At a certain point we need to ask ourselves as viewers what it is that we want from Marvel TV shows and movies. There is a certain degree of formula to them all - a house style if you will.

When I look at a Marvel TV show, I look at it in the same way that I tend to view reading comics from 'the big two' (ie Marvel and DC): the stories will be somewhat disposable, but you're reading to get the occasional thrill and sometimes you might get surprised by a story approach that surprises and delights. But at the end of the day, you know you are just reading that months churn in the cycle of never-ending serialised stories that are ultimately meaningless. A superhero story from Marvel and DC has the same weight as today's episode of a daytime soap.

Approach is important as you start watching Moon Knight. This is a character that most comic book readers would profess to not really knowing much about. Created in 1975, the character can charitably be seen as a Batman knock-off. In later years, his collection of alter-egos were explained as disassociative personality disorder. As most people press play on episode one of Moon Knight, they're doing it for the fact it is the latest Marvel installment.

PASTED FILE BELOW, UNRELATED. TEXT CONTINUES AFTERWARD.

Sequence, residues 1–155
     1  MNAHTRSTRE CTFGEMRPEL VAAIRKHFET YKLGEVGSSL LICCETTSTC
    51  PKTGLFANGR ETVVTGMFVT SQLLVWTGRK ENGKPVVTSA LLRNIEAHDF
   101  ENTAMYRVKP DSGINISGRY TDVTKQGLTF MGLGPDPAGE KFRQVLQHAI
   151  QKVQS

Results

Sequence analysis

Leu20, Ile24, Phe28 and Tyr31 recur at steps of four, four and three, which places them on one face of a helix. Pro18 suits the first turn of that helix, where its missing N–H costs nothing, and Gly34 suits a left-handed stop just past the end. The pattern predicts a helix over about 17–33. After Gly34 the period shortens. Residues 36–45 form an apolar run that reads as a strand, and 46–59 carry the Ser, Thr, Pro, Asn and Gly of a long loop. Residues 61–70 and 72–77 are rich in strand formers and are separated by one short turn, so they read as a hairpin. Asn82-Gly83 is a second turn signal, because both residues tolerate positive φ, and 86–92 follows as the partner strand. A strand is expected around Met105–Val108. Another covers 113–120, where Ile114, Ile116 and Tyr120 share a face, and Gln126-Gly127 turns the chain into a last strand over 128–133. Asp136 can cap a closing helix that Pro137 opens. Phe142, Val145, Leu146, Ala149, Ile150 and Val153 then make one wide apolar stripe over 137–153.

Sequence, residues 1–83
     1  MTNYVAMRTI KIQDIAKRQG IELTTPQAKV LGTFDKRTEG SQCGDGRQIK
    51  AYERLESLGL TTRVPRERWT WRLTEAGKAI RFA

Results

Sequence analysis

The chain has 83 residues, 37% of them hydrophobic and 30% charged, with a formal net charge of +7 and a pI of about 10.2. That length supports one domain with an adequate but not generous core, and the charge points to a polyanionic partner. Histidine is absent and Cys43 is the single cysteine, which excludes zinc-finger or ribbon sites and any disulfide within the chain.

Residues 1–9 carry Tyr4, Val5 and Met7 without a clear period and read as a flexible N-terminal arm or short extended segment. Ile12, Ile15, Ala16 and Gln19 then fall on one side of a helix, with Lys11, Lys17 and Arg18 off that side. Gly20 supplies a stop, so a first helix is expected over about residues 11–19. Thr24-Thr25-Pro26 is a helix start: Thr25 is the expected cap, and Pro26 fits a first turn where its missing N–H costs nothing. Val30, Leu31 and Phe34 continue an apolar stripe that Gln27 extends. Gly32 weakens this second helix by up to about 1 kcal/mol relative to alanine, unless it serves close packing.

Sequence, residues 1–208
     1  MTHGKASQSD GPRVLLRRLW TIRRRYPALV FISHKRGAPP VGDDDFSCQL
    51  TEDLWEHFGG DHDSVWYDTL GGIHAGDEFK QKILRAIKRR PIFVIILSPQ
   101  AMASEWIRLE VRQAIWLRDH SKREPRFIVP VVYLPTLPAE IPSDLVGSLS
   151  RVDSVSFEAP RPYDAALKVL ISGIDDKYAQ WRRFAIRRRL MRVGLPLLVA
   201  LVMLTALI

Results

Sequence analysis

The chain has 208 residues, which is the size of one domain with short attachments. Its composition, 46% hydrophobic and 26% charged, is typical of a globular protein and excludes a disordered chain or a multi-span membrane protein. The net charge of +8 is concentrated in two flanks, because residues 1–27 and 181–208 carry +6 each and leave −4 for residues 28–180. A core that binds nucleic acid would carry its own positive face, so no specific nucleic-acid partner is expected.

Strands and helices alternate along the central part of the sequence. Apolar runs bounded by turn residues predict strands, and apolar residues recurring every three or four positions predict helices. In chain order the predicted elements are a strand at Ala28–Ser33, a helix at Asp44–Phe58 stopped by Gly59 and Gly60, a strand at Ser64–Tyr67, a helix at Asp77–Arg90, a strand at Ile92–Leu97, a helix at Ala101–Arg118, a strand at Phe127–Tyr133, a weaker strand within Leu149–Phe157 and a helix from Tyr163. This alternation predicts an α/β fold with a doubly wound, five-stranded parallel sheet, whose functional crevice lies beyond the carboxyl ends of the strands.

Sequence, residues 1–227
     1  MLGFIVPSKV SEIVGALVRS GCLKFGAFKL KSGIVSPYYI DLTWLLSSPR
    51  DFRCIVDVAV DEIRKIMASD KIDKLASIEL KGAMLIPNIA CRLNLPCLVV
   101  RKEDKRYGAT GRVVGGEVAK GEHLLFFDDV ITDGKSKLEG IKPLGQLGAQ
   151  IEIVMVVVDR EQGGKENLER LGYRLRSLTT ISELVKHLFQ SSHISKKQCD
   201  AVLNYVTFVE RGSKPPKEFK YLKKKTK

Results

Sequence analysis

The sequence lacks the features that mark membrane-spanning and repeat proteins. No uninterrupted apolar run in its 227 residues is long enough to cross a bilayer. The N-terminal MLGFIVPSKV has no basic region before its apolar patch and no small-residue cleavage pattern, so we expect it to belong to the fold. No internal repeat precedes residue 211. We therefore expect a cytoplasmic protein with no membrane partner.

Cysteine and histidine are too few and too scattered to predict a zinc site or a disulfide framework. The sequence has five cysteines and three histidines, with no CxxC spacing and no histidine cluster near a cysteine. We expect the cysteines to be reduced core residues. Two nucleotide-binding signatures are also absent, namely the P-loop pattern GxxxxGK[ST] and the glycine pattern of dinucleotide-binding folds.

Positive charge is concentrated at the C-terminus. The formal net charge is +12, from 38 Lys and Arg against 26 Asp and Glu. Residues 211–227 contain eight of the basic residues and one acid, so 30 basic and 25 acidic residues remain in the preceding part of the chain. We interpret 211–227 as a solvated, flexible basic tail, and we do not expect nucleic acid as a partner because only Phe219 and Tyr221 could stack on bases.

So, how does it fare within the Marvel experience? I'd suggest better than most. It certainly feels just a little bit smarter and individual than most Marvel product, but certainly falls in line with that expected house style. The show has a great lead with Oscar Isaac joining the MCU as Steven Grant, AKA Marc Spector, AKA Moon Knight. He is great fun to watch as the somewhat addled Steven Grant in England (accent and all). The first episode with Grant jumping confusedly from scenario to scenario echoes strongly of the film Momento. In terms of a villain, Isaac is playing against Ethan Hawke as a cult leader. It is all set against the backdrop of ancient Egypt, with the show concerned about ruins and artifacts. Look at it as Momento meets Indiana Jones and you'll know what you are in for.

With just one episode, it is difficult to really get a hold on just how invested one should be with this show, but it proved itself to be hugely watchable, entertaining in parts, and certainly very much in line with brand Marvel.

It's fine. Just go into it knowing this isn't a novel as much as it is episode 263 in the ongoing Marvel serial.

Moon Knight is streaming weekly on Disney+